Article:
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By Mallika Mitra and Ruben Ramos
October 5, 2021
Black necklace stand bears a gold necklace with a golden arrow pendant
Kiersten Essenpreis for Money

For thousands of years humans have coveted gold — and today’s investors are no exception. Whether you plan to buy the metal in the form of coins, bars or gold-backed securities, there are plenty of reasons to add it to your portfolio.

Gold is considered a “safe haven asset” because when prices for other investments, like stocks or real estate, drop sharply, gold doesn’t lose its value — it may even gain value as scared investors rush to buy it.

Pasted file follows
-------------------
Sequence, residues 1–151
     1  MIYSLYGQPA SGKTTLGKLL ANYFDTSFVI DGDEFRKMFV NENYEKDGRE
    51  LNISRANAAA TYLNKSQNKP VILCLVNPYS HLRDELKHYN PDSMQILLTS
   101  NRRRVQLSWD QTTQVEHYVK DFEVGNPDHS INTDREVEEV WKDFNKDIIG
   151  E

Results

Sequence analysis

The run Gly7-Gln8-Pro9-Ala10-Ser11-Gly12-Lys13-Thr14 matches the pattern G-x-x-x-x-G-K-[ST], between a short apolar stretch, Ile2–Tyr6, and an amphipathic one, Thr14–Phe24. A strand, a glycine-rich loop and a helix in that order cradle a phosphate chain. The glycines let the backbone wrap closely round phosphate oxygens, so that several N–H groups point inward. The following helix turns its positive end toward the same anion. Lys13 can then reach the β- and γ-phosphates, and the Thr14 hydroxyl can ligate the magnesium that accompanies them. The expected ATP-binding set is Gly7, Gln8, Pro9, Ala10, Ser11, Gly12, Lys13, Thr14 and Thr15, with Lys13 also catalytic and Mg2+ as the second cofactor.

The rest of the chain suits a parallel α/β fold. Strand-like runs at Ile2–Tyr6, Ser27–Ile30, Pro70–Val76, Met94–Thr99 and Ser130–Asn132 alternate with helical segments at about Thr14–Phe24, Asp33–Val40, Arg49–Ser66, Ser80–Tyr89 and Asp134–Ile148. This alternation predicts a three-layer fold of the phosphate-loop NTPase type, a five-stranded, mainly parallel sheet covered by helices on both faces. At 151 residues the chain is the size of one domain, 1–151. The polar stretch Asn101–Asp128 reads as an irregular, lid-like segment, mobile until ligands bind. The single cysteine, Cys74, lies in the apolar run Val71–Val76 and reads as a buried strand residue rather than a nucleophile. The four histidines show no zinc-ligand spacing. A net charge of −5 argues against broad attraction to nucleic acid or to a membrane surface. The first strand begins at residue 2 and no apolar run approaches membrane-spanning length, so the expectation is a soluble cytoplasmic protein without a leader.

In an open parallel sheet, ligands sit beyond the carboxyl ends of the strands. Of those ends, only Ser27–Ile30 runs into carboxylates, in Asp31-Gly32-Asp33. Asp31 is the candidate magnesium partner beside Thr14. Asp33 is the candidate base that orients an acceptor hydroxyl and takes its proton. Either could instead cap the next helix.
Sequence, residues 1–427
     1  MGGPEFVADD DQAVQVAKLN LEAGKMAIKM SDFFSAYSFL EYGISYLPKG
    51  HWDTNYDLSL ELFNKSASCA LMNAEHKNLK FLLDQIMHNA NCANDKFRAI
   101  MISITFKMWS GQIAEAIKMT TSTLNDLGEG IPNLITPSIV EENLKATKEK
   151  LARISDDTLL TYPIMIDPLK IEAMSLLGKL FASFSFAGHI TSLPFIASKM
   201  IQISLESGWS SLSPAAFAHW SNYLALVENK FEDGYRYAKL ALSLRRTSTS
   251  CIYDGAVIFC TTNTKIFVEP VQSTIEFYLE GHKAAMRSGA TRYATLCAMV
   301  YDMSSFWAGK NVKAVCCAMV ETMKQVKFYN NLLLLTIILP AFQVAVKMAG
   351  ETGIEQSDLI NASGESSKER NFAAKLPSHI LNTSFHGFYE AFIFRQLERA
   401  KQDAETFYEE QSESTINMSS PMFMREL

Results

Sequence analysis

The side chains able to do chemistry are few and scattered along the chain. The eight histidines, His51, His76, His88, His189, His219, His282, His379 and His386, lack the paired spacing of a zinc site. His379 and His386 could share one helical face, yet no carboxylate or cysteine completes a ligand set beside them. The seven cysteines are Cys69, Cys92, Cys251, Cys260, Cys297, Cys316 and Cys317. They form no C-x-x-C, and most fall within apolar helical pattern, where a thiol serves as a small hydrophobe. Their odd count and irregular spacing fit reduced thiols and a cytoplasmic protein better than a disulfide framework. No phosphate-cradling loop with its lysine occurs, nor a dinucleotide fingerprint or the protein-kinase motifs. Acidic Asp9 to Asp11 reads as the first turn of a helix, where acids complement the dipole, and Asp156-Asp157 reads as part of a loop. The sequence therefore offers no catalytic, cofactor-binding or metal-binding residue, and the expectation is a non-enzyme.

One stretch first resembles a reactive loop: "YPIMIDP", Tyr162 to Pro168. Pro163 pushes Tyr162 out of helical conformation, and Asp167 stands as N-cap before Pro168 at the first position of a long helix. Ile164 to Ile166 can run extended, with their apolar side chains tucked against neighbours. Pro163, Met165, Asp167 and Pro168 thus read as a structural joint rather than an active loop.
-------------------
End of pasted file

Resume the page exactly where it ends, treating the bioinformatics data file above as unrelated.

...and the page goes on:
What’s more, some experts also see gold as the ultimate way to protect your savings against rising prices since it’s held value for hundreds of years.

But when does it really make sense to invest in gold? And what’s the best method? Here’s everything you need to know about how to buy gold in 2021.

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Table of contents

Should you buy gold?

Owning gold can be a way to diversify your investment portfolio — which entails owning a mix of different assets, so that when prices for one type of investment decline, prices for others will be rising. Gold is also a good way to protect your savings from inflation. But, like with any investment, there are risks.

Because gold is volatile in the short term, and won’t appreciate in the long term like a stock or a bond, financial advisers typically recommend investing no more than 10% of your savings in gold.